Co-ordinates: 38, 42, 29 N, 9, 7, 40 W
Weather: fog, giving way to sunshine
Air Temperature: 25C, 80F
The sea is so flat-calm, it’s almost spooky (not a complaint). Again we had a thick mist, but it cleared a lot earlier than yesterday so we had wonderful views as we sailed into Lisbon. Gordon Corrigan gave a lecture on the Peninsular War and its armies to thunderous acclaim, which set the scene for some of the things we heard about on the city tour.
All guests were out on deck to see Lisbon sliding past as Silver Explorer went to its berth close to the city. It’s beautiful and one of my favourite cities. I’ve never seen it looking bad, even in tipping rain. We passed the famous statue of Henry the Navigator and then we were under the whispering bridge – more a whining bridge, in fact. It’s made of some sort of metal grilling, so the overhead traffic makes a constant high-pitched vibrating noise that must be infuriating for anyone living or working near it, but fascinating for visitors.
The excursion departed after lunch and we toured the monumental district of Belem. The Jeronimos Monastery is exquisite and always takes one’s breath away. We spent time at the Ajuda Palace, which is a little eccentric in its décor – not my personal taster but very interesting to see and to hear the tale of the penultimate king and his young, Italian bride. Lisbon is a fascinating city with its Romanesque cathedral built on the site of a mosque and right in the middle of what was the medina. You can see plainly that this is a city that doesn’t wish to break ties with either its medieval or Moorish past.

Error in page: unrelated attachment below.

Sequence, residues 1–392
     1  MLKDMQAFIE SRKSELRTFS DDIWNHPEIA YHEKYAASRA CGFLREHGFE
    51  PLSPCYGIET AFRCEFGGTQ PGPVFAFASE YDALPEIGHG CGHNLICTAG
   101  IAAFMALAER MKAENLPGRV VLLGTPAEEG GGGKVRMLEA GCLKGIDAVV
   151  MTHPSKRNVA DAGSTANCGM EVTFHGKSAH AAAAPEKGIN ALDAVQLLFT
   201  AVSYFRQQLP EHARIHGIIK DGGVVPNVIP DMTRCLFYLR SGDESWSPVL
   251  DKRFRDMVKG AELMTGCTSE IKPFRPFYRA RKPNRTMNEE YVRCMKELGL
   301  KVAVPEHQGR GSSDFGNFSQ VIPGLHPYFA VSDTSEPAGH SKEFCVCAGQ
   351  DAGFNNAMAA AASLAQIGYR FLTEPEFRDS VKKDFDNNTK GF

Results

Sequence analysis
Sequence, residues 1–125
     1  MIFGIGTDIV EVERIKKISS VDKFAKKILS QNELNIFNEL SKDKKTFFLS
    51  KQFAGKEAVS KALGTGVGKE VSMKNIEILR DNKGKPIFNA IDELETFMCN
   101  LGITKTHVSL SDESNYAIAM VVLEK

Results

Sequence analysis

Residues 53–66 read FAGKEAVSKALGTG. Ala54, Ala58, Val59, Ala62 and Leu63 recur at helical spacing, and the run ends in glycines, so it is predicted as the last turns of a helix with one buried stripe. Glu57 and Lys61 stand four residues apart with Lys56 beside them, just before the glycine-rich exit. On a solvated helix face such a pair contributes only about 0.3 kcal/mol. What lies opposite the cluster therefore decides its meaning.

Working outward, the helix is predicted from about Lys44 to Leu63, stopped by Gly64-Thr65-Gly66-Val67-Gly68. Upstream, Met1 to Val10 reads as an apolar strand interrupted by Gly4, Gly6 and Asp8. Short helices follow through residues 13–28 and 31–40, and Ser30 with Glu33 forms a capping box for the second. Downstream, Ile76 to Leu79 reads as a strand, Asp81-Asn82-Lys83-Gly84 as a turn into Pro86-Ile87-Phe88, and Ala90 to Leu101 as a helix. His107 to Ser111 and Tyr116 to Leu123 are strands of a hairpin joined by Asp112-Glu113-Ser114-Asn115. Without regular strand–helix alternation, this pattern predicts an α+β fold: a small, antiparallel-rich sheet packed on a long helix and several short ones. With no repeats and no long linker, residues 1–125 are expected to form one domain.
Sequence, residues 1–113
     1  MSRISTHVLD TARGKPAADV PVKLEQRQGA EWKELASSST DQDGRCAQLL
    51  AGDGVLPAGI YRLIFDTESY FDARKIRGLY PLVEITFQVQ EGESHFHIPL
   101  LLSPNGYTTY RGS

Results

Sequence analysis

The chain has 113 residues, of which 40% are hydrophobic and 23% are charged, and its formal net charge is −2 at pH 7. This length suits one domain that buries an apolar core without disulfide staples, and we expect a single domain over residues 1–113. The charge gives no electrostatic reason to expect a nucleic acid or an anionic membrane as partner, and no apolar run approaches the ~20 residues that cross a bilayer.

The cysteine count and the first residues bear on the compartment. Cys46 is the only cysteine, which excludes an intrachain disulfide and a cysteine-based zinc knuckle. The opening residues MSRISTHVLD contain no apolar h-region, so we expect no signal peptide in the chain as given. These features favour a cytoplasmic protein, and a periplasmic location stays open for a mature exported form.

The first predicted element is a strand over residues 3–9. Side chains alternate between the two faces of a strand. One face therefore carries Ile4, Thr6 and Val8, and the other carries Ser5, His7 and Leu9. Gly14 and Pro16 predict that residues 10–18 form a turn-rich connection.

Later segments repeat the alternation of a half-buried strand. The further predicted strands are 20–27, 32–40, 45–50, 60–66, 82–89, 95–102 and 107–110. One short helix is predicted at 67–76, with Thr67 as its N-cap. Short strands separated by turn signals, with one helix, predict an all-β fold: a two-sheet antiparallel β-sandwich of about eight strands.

One of the things I like best about Portugal in general and Lisbon in particular (apart from the people) are the tiled pavements. It must be an illusion, but it always seems to me that they are softer to walk on than pavements elsewhere in Europe. Whatever the case, we were all fairly glad to sit down to eat tapas and watch a vibrant cultural show, enthusiastically given and equally enjoyed by all present. It was a great end to a nice afternoon in Lisbon.
Then it was back to the ship and another evening of fine dining and conversation. Sadly we had waved goodbye to Colleen Batey, our archaeologist, when we docked because she had to return to Glasgow – she will be missed!